Two red boxes, uncovered amid garage clutter, contained some 5,000 photos stashed away by the photographer Antoni Campañà. These images of the Spanish Civil War are published for the first time.

Capitalism watches the revolution in progress. The Anglo-South American Bank, Anís del Mono and La Toja billboards accompany the volunteers, Plaça de Catalunya, August 28, 1936. © Antoni Campaña

The photographers who covered the Spanish Civil War (1936–1939) are said to have been the pioneers of photojournalism. This civil war inflamed the country: it pitted the Spanish Republican camp—composed of loyalists supporting the legally established government, as well as communists, Leninists, and anarchists—against the nationalists and rebel putschists led by General Franco. Robert Capa, David Seymour, and Gerda Taro covered the conflict, and their images were shown around the world.

It seemed we had seen all there was to see of this war—until 2018, when, during the demolition of a house formerly owned by the Catalan photographer Antoni Campañà, two red boxes came to light. They contained more than 5,000 photos, mostly negatives, but also several hundred prints, all taken during the three-year-long conflict. According to the Catalan daily La Vanguardia, it was “the last great photographic treasure trove of the Spanish Civil War.”

Eat with appetite. Poor people having lunch at the restaurant of the
Casino de Sant Sebastià in Barceloneta, summer 1936. © Antoni Campaña
Feed. Refugees from Málaga. Montjuïc Olympic Stadium, refectory, February 1936-1938. © Antoni Campaña

But who was Antoni Campañà? The gripping introduction to the book La boîte rouge [The Red Box] (Seuil), co-edited by the journalist Plàcid Garcia-Planas, the historian Arnau Gonzàlez Vilalta, and the photographer David Ramos, addresses this very question and retraces the story. “Who was Antoni Campañà Bandranas? An artist, a sports photojournalist, an apolitical journalist, war reporter, a Leica and Contax salesman, or a postcard publisher? Or was he a saxophonist with the Iberian Orchestra, which performed in Barcelona in the 1930s? One could reply that […] Campañà was a perfect one-man band of photography.” The son and grandson of a wealthy family of building contractors, Campañà decided at an early age that photography would be his life. Aged twelve, he was already selling his positives. At fourteen, his “illustrated report on King Alfonso XIII” was published in a Spanish magazine. From then on, the camera became his inseparable companion.

Son, one day it will be your turn. A father and his son, Plaça de Catalunya,
during the pro-USSR demonstration of November 8, 1936. © Antoni Campaña

Campañà was thirty when the Spanish Civil War broke out. A Republican, a Catalan nationalist, and a fervent Catholic, the photographer rarely took a public political position, and simply stated that he was on the side of those “who would govern, if I liked them.” He was in some ways a diplomat, and this diplomacy allowed him to photograph people on both sides of the conflict: “The Cambò’s Lliga Regionalista or Companys’s Republican left in Catalonia in February and March 1936; then, a few months later, the anarchist revolutionaries and the victorious Francoists, followed by the fascists and the Nazis in 1939.”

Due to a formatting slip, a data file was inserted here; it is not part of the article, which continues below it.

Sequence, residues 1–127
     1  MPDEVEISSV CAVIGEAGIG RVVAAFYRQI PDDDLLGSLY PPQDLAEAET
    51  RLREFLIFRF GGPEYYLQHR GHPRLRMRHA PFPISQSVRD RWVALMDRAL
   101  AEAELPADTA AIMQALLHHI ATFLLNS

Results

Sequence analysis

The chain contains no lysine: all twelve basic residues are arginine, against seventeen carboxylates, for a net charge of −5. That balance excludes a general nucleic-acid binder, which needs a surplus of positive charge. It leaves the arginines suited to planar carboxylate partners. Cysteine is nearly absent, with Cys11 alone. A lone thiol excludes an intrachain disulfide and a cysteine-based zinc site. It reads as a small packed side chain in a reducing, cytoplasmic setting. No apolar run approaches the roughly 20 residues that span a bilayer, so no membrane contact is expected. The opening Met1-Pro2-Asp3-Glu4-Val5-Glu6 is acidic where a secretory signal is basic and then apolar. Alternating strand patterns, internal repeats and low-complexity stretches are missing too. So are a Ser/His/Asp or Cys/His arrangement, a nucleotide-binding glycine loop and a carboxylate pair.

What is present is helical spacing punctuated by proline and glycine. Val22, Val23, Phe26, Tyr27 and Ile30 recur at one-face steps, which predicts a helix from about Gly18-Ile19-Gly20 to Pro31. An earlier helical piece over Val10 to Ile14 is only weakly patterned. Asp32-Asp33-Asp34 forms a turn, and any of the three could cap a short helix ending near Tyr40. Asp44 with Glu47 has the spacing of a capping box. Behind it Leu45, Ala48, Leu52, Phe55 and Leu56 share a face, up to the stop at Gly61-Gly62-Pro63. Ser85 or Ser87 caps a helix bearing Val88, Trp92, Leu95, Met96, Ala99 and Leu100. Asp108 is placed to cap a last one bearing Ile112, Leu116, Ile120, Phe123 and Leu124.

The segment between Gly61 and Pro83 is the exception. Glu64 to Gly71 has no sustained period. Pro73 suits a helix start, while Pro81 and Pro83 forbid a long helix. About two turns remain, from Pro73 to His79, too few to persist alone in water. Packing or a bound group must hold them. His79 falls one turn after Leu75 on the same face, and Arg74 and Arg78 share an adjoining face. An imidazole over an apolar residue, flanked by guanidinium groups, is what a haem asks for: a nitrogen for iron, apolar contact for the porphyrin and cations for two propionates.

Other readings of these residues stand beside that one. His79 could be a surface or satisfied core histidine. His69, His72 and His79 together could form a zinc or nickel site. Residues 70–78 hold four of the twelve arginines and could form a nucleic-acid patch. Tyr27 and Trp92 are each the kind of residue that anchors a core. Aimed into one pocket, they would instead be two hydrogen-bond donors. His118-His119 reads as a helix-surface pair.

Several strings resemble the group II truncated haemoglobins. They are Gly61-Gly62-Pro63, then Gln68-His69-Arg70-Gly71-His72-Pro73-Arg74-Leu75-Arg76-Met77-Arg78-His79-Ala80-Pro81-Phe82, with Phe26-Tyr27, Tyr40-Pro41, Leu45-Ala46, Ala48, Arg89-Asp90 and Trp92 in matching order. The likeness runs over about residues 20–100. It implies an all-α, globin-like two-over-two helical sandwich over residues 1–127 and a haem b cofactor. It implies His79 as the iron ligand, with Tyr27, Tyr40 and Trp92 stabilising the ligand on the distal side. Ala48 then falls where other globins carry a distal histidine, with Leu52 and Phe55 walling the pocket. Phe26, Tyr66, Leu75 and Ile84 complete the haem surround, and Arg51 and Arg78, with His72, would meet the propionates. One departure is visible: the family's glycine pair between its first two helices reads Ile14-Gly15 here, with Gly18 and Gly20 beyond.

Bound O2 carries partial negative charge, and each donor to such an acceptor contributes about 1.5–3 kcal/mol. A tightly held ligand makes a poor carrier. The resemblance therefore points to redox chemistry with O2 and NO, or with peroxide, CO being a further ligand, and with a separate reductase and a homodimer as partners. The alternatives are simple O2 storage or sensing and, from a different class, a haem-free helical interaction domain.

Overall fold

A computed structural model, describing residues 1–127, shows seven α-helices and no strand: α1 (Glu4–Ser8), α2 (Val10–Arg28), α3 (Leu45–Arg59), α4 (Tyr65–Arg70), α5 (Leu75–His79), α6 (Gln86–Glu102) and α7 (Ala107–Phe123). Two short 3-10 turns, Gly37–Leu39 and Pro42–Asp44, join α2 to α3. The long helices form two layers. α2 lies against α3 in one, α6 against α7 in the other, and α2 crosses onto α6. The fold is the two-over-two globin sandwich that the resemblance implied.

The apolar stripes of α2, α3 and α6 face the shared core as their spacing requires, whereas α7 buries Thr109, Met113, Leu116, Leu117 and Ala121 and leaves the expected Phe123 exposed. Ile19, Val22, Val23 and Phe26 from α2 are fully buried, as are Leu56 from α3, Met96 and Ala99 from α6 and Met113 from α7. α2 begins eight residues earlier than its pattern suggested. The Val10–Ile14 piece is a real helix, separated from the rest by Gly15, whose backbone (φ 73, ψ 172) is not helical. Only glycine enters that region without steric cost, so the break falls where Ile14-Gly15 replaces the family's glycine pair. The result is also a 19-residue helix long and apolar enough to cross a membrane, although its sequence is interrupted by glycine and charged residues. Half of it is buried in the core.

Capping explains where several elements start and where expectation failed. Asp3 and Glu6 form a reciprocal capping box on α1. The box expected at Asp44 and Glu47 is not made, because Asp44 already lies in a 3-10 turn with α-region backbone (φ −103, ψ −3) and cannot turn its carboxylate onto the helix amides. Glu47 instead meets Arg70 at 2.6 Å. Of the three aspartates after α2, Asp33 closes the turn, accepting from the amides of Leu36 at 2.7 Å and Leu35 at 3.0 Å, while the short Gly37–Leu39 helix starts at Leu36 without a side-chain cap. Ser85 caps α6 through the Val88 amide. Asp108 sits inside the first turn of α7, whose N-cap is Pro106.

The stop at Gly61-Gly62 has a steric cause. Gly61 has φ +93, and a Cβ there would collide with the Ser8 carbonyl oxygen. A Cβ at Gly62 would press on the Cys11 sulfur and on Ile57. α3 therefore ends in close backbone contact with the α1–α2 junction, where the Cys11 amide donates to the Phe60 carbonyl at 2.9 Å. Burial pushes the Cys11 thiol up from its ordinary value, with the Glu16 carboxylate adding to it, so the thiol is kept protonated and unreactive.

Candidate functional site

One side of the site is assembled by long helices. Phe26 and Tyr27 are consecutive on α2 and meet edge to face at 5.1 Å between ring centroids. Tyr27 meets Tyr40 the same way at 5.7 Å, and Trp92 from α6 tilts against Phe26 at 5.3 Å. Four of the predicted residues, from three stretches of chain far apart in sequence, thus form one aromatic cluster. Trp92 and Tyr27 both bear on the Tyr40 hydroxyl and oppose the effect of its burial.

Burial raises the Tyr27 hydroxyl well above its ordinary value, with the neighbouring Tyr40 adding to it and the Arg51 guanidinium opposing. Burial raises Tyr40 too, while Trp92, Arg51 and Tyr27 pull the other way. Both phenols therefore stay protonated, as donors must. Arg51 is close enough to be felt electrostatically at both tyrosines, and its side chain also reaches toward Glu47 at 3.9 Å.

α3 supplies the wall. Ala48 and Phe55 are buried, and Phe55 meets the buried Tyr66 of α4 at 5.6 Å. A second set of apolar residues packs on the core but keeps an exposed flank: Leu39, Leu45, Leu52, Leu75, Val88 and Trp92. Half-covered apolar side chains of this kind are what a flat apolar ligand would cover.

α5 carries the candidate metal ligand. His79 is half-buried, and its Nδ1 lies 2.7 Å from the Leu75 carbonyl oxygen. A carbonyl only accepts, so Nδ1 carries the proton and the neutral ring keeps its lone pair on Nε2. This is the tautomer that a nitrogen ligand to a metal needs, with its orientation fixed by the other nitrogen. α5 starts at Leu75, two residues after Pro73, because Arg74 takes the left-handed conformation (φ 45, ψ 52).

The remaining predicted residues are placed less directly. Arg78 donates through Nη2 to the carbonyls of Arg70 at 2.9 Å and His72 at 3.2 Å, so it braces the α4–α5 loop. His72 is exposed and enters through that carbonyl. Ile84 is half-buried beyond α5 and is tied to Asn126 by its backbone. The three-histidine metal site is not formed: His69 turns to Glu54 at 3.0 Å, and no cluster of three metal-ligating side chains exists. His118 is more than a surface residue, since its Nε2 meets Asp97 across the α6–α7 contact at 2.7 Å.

Campañà’s images, currently exhibited at the National Museum of Art of Catalonia, depict a tragic reality full of nuance and painful contrasts. They shed a stunning new light on the Spanish Civil War, painting a veritable fresco of the period, from Franco’s coup d’état, to “Soviet Barcelona,” to the portraits of anti-fascist militiamen heading to the front. Campañà was a keen observer of his surroundings; he cared about his fellow man; and went anywhere he could. Sometimes using a Leica, other times a Rolleiflex, he photographed everything that he thought important, especially events that deeply affected him or left a mark: from churches that fell victim to iconoclastic revolutionaries to handsome freedom fighters, from street protests to postwar misery.

Survivors of the aerial fury. Passeig Nacional in Barceloneta, May 29, 1937 © Antoni Campaña
An unusual normality. Gypsy encampment in Plaça de Catalunya, 1936-1938. © Antoni Campaña

For this is what these images, unearthed nearly thirty years after the photographer’s death, are all about: the story of a man who was pained to see his country in ruin. “Campañà photographed the Spanish Civil War with bitterness and sadness, and this state of mind informed his refusal to distribute his photographs,” writes exhibition curator Marta Gili. However, the photographer did not like photographing poverty, as he admitted to his children. His son Antoni recalls that his father “never wanted anyone to know that he had taken pictures of the war.” For whom were his images intended? No one knows, but as the back cover of La Boîte Rouge aptly puts it: “Today, by a stroke of luck, they are presented to us.”

By Sabyl Ghoussoub

Born in Paris in 1988 into a Lebanese family, Sabyl Ghoussoub is a writer, columnist and curator. His second novel, Beyrouth entre parenthèses [Beirut in Parentheses] was released by Antilope editions in August 2020. 

 

 

The Red Box: The last great photographic treasure of the Spanish Civil War
€32
The book is available here.

La guerra infinita. Antoni Campañà
March 19 to au July 18, 2021
Museu Nacional d'Art de Catalunya
Barcelona
More information here.

 

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